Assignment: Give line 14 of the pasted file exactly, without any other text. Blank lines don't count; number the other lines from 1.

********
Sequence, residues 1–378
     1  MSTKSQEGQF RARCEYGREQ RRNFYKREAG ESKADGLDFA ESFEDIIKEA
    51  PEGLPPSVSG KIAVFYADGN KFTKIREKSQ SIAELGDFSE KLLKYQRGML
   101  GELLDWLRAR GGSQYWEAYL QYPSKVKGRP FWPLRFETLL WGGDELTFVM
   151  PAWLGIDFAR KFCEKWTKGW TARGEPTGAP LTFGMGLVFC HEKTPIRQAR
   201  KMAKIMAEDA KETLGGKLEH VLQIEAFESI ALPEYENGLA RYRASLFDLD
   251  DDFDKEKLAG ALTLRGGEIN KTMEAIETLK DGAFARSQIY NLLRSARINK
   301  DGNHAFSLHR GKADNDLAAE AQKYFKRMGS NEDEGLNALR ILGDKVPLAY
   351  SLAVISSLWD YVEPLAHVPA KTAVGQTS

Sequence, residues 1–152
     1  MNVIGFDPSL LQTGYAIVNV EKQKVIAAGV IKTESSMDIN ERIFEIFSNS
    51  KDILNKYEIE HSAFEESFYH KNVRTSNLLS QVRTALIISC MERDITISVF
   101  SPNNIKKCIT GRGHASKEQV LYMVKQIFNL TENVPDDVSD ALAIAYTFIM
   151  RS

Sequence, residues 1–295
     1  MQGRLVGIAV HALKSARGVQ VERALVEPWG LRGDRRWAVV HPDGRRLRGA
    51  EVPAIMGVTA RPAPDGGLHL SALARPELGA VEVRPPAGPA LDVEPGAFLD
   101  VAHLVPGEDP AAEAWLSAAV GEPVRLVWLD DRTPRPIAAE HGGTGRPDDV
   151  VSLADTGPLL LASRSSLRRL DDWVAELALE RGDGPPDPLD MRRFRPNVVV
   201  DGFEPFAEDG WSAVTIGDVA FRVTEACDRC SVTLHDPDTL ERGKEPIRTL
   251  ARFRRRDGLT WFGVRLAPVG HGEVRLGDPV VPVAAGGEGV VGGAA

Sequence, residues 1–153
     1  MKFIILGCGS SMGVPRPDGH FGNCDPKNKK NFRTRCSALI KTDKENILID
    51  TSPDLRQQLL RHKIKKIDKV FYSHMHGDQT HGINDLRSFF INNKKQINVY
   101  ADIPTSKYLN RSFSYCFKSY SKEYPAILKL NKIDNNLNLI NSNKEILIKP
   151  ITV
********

   151  RS